Students could potentially focus more on building their webpages than
on traditional classroom distractions. Yet they could get distracted on the
web as well. Allowing students to capture data (via their mobile devices) on
their own time removes the concern of distraction during classroom time.
Students can self-pace through the activity.
Using a templated, design-heavy webpage tool should excite the students,
and allowing students to use their own mobile devices will ensure
familiarity with the tool.
Developing their own webpages requires students to become active
learners, which is possible only when using the technology tool. In
addition, students become active in their everyday communities by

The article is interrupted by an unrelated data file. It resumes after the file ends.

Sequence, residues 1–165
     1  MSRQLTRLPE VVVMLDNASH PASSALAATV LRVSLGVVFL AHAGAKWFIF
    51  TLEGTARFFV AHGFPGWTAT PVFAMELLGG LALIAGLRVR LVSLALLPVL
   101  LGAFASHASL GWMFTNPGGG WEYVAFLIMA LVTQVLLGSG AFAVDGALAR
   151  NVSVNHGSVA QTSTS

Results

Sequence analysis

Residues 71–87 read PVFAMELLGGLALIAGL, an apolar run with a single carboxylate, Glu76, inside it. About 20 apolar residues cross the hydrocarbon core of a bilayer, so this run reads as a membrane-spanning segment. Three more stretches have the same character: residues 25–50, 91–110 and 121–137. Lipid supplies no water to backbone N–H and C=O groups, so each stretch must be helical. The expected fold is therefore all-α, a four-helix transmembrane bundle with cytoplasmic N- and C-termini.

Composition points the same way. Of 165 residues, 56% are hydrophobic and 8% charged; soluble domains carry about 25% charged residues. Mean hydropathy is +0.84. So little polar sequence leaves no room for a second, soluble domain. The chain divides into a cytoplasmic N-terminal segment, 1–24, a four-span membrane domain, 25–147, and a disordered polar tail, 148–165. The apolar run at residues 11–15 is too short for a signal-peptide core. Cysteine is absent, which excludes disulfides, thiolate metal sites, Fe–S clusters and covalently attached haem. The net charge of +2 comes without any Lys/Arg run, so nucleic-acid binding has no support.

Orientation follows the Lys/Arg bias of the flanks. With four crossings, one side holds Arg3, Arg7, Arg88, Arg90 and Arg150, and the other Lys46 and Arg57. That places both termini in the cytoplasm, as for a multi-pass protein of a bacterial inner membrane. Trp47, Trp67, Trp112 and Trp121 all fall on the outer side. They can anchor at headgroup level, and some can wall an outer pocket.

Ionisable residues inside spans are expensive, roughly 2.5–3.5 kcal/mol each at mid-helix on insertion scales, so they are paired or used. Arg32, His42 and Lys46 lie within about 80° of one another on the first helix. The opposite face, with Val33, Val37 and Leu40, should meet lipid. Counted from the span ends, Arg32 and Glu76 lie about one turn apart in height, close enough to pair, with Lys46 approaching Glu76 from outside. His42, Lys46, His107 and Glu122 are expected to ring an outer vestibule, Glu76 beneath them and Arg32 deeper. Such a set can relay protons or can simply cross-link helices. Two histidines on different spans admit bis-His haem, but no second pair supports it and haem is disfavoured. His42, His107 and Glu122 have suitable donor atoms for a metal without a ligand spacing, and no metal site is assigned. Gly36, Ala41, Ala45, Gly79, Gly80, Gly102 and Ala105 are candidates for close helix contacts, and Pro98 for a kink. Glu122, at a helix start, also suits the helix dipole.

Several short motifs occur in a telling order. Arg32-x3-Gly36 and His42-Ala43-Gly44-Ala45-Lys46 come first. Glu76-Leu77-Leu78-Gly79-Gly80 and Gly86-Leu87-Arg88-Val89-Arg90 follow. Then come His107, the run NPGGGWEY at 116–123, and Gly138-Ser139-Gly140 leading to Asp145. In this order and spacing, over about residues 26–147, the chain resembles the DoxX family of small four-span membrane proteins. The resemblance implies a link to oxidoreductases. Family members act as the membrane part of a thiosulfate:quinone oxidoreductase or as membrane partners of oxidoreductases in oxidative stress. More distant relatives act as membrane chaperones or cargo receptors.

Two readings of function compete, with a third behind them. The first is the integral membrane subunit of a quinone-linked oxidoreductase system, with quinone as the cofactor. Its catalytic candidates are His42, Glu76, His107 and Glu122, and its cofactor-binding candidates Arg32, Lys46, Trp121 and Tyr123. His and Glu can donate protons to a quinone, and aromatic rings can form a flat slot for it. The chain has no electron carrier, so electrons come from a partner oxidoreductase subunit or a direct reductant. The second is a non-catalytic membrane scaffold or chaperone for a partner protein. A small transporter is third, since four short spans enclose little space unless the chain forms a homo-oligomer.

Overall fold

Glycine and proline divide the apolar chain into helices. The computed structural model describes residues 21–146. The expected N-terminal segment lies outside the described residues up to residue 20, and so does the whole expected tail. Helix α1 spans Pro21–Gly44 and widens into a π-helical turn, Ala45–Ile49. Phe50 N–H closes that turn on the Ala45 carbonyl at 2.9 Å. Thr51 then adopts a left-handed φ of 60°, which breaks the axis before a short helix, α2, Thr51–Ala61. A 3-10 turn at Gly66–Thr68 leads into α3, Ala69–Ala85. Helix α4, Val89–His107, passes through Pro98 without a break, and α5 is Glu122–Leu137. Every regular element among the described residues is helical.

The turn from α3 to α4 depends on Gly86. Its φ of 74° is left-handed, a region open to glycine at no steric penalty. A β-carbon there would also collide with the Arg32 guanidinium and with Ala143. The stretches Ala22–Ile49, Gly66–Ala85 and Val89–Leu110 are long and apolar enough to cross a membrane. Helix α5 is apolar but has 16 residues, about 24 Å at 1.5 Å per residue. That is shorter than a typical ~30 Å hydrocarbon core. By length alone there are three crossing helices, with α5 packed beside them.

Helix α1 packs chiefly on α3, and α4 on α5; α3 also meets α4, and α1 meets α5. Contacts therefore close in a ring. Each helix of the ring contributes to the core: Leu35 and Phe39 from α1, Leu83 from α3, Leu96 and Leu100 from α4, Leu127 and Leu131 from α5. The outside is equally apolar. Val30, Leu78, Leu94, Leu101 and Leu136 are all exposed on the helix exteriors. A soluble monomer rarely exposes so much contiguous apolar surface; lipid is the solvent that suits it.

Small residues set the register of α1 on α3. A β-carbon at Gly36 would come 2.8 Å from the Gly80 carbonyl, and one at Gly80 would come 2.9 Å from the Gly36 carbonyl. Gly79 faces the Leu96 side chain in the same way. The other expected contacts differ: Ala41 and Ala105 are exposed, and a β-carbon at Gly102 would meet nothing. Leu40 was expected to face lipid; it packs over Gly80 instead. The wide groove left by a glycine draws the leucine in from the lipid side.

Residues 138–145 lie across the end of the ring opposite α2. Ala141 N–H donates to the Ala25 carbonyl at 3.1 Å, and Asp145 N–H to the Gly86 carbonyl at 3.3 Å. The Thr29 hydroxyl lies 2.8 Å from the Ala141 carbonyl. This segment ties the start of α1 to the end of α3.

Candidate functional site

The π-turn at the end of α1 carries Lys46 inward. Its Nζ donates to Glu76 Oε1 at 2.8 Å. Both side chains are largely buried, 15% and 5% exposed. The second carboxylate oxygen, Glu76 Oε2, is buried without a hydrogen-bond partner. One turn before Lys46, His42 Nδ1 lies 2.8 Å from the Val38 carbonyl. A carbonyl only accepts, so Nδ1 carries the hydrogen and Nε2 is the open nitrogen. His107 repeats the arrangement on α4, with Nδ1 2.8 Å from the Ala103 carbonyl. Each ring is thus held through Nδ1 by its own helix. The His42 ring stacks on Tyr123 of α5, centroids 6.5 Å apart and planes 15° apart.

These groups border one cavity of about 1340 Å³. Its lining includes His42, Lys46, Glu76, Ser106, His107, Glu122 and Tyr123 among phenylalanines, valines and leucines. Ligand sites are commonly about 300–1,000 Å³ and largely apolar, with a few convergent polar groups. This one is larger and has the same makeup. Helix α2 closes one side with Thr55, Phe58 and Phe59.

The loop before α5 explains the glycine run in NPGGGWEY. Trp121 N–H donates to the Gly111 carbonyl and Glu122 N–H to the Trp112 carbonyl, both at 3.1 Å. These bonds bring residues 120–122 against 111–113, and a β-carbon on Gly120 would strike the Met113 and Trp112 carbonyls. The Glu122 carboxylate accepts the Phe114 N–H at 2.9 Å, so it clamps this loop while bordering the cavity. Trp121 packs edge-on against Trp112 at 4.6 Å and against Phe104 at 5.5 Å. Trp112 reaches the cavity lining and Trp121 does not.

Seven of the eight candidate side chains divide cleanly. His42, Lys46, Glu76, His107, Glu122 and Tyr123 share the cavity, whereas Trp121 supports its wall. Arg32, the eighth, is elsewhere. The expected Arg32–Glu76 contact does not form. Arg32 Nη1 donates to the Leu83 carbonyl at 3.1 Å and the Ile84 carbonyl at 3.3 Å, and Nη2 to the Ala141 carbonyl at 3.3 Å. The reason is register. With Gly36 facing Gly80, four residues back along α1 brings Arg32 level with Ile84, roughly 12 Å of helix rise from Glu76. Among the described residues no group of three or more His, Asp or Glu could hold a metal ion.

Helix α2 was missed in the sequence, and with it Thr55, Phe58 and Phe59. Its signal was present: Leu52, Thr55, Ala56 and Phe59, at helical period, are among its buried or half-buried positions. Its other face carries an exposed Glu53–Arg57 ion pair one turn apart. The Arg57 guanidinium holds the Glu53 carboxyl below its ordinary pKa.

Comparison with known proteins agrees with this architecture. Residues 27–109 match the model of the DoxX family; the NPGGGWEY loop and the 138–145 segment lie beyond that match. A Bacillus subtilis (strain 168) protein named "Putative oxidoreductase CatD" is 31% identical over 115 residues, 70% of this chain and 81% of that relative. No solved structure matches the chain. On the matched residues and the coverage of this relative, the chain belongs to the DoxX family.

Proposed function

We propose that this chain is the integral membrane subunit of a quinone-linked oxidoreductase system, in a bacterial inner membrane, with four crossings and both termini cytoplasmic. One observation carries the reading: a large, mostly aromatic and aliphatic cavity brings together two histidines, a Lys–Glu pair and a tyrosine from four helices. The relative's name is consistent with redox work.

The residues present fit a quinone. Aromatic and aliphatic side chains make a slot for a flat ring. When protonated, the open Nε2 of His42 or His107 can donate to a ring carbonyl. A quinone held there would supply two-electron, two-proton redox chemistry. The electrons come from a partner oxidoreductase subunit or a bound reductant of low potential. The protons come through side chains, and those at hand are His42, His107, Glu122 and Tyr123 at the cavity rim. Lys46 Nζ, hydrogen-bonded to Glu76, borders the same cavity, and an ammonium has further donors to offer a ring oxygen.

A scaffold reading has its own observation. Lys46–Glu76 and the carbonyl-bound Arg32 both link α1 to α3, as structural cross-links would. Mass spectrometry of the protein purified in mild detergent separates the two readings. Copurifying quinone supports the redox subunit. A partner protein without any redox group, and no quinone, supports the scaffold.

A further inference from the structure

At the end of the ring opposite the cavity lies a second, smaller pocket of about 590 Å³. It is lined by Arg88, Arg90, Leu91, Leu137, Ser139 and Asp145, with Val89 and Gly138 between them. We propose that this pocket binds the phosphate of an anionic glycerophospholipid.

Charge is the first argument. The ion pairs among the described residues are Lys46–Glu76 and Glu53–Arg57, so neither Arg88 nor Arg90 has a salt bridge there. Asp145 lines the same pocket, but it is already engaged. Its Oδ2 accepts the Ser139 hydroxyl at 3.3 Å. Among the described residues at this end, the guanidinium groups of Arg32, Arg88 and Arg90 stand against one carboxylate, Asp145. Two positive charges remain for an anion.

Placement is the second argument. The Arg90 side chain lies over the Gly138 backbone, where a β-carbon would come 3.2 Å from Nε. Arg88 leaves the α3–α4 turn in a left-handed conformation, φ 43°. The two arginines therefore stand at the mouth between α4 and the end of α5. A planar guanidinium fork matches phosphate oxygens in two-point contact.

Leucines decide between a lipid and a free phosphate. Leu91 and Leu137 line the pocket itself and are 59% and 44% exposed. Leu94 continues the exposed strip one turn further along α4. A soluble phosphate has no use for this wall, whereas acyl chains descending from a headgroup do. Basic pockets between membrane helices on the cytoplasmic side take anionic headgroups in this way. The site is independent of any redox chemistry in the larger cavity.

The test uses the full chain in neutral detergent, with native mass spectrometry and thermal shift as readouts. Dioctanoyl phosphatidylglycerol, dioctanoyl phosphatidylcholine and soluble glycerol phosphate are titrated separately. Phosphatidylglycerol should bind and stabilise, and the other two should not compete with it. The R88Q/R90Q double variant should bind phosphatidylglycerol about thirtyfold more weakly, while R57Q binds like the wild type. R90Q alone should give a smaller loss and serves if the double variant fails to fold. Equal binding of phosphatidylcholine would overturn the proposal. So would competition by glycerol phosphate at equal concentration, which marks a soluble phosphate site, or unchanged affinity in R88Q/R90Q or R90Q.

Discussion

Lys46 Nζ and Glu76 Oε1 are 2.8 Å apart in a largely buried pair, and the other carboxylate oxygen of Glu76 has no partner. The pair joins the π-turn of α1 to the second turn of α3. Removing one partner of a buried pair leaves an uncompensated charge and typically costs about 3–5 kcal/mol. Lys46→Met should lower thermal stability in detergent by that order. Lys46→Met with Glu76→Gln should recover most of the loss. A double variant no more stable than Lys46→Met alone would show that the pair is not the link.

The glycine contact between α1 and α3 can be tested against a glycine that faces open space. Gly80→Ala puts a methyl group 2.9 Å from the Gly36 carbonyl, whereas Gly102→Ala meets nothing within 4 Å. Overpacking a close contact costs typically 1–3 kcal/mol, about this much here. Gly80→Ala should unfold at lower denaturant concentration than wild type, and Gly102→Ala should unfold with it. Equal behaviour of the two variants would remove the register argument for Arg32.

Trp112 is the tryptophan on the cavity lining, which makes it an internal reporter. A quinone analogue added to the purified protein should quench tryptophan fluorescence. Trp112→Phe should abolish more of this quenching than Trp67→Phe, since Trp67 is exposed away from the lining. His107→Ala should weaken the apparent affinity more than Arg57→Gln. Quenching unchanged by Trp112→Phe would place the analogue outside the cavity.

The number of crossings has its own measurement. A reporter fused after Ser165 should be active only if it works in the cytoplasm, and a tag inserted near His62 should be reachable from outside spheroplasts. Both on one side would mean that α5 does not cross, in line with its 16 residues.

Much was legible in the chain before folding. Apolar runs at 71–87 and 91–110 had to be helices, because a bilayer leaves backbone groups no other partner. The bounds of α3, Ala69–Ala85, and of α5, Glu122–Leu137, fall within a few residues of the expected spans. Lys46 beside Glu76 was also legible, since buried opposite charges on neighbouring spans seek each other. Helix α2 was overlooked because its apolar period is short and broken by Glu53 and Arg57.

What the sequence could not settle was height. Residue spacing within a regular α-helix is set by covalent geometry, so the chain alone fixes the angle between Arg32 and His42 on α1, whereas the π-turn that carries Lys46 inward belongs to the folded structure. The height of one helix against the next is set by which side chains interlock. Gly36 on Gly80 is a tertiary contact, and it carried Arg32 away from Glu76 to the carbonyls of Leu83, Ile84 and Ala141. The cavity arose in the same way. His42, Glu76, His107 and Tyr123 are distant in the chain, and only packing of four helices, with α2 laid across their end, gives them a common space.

capturing data to send to the website.
Students are taking what they would traditionally write in a paper and
putting it on the web. In scenario #2 and #3 they are integrating elements
of interaction (to elicit dialogue around the information in the website). This
is something they could not do on paper as easily.
Students will be polling and asking website viewers to participate in the
debate, which should help develop a deeper understanding of the issue
and potentially more evidence for both the pro and the con side of the
The interactive features require students to defend their arguments to the
website visitors through forums or commenting prompts.
By allowing students to use their mobile devices to post and record
evidence, students stretch their learning beyond the classroom.
Being able to use mobile devices to collect data and evidence allows
them to use their personal tools in the classroom and blend their everyday
experiences with their classroom learning. Students are also able to
capture data from their everyday world.
Students are learning to collect data, capture evidence, and form
arguments with an everyday device. This is something they could replicate
as they continue to grow as learners both inside and outside of school.